100 Days of Yoga, Day 17

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September 7, 2012 by blogmasterjdeam

Dear All, Today I need to really, really focus on one topic: COMPASSION.

It is a topic near and dear to me because I am very much in need of it.  I want desperately to get to the place of being in a state of compassion all the time.  As we’ve discussed: what we feed grows.  Today I am going to do an all out, full speed, give-it-everything-I’ve-got, run at compassion.

I have asked myself what the components are that keep me from this goal.  They are so numerous, I hardly know where to begin.  But begin I must, so here goes: being judgmental; being negative; being cynical; being mean-spirited; being angry; being vengeful; being petty; wait … these are just the things I do to myself!

Here is something I’ve told you before, but when it comes to COMPASSION, it applies even more:  We can’t give what we dont’ have.  If we don’t have compassion for ourselves, there is nothing to give anyone else.  So what exactly is it we end up giving in place of compassion?

COMPASSION IS THE FIRST YAMA FOR A REASON: IT IS THE MOST IMPORTANT.

As I hold myself in compassion in this moment (and this, and this,)  I also wish to hold all of you in compassion.  I want you to have compassion for yourselves first so that you can have compassion for someone else and, perhaps someday, every living being.

Today I offer another definition of Pratyahara:

Yoga is a vast system of spiritual practices for inner growth. To this end, the classical yoga system incorporates eight limbs, each with its own place and function. Of these, pratyahara is probably the least known. How many people, even yoga teachers, can define pratyahara? Have you ever taken a class in pratyahara? Have you ever seen a book on pratyahara? Can you think of several important pratyahara techniques? Do you perform pratyahara as part of your yogic practices? Yet unless we understand pratyahara, we are missing an integral aspect of yoga without which the system cannot work.

As the fifth of the eight limbs, pratyahara occupies a central place. Some yogis include it among the outer aspects of yoga, others with the inner aspects. Both classifications are correct, for pratyahara is the key between the outer and inner aspects of yoga; it shows us how to move from one to the other.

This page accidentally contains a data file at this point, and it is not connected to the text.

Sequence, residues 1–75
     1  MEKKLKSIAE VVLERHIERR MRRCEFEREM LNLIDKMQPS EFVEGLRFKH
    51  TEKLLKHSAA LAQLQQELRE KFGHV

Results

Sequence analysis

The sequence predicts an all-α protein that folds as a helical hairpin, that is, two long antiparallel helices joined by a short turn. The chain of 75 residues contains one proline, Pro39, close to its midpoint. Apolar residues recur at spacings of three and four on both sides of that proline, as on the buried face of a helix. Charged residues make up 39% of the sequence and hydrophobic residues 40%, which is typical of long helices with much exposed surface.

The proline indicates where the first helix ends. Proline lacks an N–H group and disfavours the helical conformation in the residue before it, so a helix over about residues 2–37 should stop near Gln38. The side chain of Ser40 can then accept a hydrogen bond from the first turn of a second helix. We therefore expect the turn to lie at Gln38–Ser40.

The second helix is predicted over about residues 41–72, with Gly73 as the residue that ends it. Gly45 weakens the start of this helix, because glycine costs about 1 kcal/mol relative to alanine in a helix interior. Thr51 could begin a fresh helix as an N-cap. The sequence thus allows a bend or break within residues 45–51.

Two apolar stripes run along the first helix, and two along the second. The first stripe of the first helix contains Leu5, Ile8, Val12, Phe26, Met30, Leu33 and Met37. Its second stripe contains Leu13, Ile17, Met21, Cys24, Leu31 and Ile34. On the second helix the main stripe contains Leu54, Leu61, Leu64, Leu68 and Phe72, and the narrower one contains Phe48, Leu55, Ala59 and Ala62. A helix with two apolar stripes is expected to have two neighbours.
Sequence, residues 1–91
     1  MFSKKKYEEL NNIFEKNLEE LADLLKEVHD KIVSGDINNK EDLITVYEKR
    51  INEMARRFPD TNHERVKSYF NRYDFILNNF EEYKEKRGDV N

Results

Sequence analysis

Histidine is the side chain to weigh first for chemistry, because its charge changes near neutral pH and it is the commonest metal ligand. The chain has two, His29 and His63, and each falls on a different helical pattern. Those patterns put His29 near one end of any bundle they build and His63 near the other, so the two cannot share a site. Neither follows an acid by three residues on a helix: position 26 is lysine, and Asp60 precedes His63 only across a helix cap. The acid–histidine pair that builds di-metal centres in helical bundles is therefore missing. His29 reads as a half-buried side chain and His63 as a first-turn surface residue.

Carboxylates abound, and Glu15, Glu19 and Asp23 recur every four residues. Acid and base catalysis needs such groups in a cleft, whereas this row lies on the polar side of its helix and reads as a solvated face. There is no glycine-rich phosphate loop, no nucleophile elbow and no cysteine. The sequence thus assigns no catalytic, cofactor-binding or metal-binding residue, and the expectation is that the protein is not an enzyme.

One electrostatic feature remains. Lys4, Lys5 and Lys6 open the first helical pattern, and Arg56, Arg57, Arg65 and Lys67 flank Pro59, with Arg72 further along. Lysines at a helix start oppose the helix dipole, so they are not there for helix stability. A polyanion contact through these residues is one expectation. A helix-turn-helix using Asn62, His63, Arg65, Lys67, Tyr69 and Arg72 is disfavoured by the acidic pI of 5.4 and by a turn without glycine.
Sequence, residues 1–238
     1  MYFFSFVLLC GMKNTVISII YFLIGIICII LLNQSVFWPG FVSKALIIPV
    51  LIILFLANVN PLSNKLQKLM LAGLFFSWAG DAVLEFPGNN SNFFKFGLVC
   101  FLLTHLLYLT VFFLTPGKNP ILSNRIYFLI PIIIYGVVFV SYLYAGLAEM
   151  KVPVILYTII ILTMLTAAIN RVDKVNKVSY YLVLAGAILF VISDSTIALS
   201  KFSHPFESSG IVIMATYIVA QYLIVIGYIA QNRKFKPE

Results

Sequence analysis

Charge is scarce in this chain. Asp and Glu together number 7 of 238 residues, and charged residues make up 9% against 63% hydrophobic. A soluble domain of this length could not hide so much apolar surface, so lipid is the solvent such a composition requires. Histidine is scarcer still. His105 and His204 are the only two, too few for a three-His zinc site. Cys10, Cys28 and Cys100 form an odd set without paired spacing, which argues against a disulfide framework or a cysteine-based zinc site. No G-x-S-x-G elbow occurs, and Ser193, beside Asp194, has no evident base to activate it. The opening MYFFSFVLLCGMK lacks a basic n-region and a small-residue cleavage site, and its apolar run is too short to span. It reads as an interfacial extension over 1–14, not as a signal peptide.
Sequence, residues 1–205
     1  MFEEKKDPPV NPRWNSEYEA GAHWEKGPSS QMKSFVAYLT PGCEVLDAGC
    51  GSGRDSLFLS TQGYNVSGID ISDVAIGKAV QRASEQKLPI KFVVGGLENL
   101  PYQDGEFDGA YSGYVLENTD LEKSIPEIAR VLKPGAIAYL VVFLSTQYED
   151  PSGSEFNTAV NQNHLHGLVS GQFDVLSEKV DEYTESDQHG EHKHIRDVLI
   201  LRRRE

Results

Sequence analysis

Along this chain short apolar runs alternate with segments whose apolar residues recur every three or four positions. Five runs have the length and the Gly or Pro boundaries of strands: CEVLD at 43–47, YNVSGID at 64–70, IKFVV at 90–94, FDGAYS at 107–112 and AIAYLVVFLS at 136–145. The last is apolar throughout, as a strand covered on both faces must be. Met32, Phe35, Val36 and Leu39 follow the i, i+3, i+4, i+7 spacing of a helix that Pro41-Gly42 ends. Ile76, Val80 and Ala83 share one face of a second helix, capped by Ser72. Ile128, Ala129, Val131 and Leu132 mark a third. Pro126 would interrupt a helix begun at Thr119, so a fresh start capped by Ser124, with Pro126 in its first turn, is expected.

It is not possible to move directly from asana to meditation. This requires jumping from the body to the mind, forgetting what lies between. To make this transition, the breath and senses, which link the body and mind, must be brought under control and developed properly. This is where pranayama and pratyahara come in. With pranayama we control our vital energies and impulses and with pratyahara we gain mastery over the unruly senses — both prerequisites to successful meditation.

What is Pratyahara?

The term pratyahara is composed of two Sanskrit words, prati and ahara. Ahara means “food,” or “anything we take into ourselves from the outside.” Prati is a preposition meaning “against” or “away.” Pratyahara means literally “control of ahara,” or “gaining mastery over external influences.” It is compared to a turtle withdrawing its limbs into its shell — the turtle’s shell is the mind and the senses are the limbs. The term is usually translated as “withdrawal from the senses,” but much more is implied.

In yogic thought there are three levels of ahara, or food. The first is physical food that brings in the five elements necessary to nourish the body. The second is impressions, which bring in the subtle substances necessary to nourish the mind — the sensations of sound, touch, sight, taste, and smell. The third level of ahara is our associations, the people we hold at heart level who serve to nourish the soul and affect us with the gunas of sattva, rajas, and tamas.

Pratyahara is twofold. It involves withdrawal from wrong food, wrong impressions and wrong associations, while simultaneously opening up to right food, right impressions and right associations. We cannot control our mental impressions without right diet and right relationship, but pratyahara’s primary importance lies in control of sensory impressions which frees the mind to move within.

By withdrawing our awareness from negative impressions, pratyahara strengthens the mind’s powers of immunity. Just as a healthy body can resists toxins and pathogens, a healthy mind can ward off the negative sensory influences around it. If you are easily disturbed by the noise and turmoil of the environment around you, practice pratyahara. Without it, you will not be able to meditate.

There are four main forms of pratyahara: indriya-pratyahara — control of the senses; prana- pratyahara — control of prana; karma-pratyahara — control of action; and mano-pratyahara — withdrawal of mind from the senses. Each has its special methods. ~ DAVID FRAWLEY

PRANAYAMA:  Today I will do the simple Zen practice of watching my breath.  I will pay attention to how it moves through my body and I will hold my body in tender loving kindness as I do so.

ASANA:

20 minutes of VERY SLOW Sun Salutations — holding each pose for at least thirty seconds.  Because it is a running day I will focus on high lunges, really stretching the calf and hamstring muscles.  In addition, I will do some reclined strap to foot stretches for my piriformis muscle.  One of the things I’ve found as a runner is that when my knees hurt it is because this particular muscle has gotten too tight.  (As an aside, I also use a foam roller to work out the tightness.)  Next I will do a reclined twist.  For me, twists are essential as they help release any tension I may be holding in my body.  And finally I will end in Sivasana.

Thank you again for joining me on this adventure.  I hope it is of benefit to you.

YOURS IN COMPASSION, Chris

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